Consumer financing boom bodes ill for healthcare

This week, a piece in The New York Times took a look at the growing consumer finance market for healthcare services. In the article, it noted patients are financing not only LASIK and tummy tucks, but also, to some degree, incurring large bills for basic services not covered by their health plans.

From the credit industry's perspective, this isn't a problem. After all, they make their money, patients get their treatment and doctors get paid up front. Everybody wins, right? 


The entire premise of high-deductible plans was that they would drive improvements in overall health system quality. We'd inform consumers about pricing and provider performance, and they'd make smart decisions based on their research. And providers, of course, would respond by lowering prices and boosting performance. In theory, it's a perfect market-driven solution.

The problem is, if consumers--for whatever reasons--are financing their healthcare through credit intermediaries, much of this model's value flies out the window. Patients who finance their care on the spot with their doctor's preferred credit vendor aren't voting based on quality or price--they're just accepting what they see as help. And that bonds them to a particular provider more than healthcare quality, in my experience.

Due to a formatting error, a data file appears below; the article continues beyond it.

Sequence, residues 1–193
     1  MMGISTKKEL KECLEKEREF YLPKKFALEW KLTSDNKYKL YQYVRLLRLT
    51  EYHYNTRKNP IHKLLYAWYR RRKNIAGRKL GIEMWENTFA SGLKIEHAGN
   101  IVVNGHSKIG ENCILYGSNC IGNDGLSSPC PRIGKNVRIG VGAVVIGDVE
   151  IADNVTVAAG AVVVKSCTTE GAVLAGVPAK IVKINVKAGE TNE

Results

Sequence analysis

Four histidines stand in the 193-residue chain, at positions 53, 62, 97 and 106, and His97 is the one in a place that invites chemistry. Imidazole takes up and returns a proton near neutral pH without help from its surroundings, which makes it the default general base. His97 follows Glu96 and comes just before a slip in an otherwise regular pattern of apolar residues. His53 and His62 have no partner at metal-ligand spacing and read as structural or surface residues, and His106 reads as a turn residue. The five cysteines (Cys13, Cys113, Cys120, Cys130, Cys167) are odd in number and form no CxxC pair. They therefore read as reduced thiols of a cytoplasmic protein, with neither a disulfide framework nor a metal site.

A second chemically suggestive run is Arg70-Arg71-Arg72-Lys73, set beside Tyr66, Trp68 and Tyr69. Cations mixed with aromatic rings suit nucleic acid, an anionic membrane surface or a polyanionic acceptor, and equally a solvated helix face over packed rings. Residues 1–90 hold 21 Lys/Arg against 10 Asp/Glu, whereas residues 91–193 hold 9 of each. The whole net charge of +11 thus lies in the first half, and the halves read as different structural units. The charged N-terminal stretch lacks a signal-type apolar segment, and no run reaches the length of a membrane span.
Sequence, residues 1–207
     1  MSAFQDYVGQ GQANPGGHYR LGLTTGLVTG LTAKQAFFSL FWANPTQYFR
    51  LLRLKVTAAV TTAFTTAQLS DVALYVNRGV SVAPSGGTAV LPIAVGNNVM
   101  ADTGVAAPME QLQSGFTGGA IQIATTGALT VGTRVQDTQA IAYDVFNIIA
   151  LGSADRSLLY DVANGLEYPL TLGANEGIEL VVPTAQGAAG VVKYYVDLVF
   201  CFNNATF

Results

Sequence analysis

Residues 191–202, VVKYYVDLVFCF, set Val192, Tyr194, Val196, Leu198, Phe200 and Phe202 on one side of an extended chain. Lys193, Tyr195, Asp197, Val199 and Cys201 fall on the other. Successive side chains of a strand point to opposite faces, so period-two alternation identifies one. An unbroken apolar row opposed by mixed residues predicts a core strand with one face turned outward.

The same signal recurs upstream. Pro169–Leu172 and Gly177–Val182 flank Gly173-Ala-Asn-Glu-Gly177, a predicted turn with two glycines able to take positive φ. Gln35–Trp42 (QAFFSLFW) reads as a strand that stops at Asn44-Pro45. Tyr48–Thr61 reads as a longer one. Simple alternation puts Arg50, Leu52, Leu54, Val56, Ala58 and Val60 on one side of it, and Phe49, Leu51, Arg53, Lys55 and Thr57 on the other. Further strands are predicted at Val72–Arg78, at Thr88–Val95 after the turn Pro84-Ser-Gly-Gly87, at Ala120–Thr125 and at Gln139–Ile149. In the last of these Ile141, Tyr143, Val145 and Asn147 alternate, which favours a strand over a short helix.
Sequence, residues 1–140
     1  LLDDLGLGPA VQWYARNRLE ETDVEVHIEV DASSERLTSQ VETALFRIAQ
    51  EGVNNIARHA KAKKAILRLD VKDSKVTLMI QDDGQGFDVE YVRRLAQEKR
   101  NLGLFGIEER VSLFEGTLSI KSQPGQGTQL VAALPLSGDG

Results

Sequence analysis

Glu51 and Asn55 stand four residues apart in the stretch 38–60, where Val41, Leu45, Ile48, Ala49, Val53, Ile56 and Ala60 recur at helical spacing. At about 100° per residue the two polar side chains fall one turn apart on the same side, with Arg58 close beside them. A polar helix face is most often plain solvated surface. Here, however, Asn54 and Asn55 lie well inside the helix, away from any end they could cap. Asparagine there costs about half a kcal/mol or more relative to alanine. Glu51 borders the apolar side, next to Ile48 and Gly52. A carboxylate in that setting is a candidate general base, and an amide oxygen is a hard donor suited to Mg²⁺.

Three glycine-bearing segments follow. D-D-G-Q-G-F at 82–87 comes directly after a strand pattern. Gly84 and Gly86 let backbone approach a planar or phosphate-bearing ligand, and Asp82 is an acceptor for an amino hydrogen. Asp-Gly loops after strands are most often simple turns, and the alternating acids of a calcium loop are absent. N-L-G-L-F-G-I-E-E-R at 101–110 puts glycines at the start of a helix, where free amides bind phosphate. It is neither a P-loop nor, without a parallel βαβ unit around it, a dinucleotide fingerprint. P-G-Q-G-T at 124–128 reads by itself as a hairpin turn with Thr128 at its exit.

As things are shaping up, it seems that while payors are having success demanding provider behavior and pricing changes, consumers aren't exercising their power efficiently. Adding a financial intermediary to the mix only makes things worse.


- For those of you who wanted more information on CMS's plans to stop paying for preventable hospital errors, here's a link I didn't provide with the original story. It explains the decision in light of overall changes to hospital payment methods.

- Here's one nurse's response to a recent story suggesting that patients should push providers to observe better infection control protocols:

"For the most part, I don't object to recommendations made recently that patients and families put more pressure on their healthcare providers to comply with strategies (such as hand washing) that are proven to help prevent these infections.  I do object with the perception propagated by the media that hospital workers are somehow interested in passing on infections if they are not perfect in the execution of these strategies.
...I think it should be emphasized by the media that an excellent way to avoid hospital-acquired infections is to avoid the hospital all together if possible, clean up after yourself, wash your own hands and recognize that infections are EVERYBODY'S business.  If we help each other, a bigger impact can be achieved."

- Anne

P.S.  FierceHealthcare won't be published Monday, as we'll be closed in honor of Labor Day. Have a great weekend, and we'll see you Tuesday.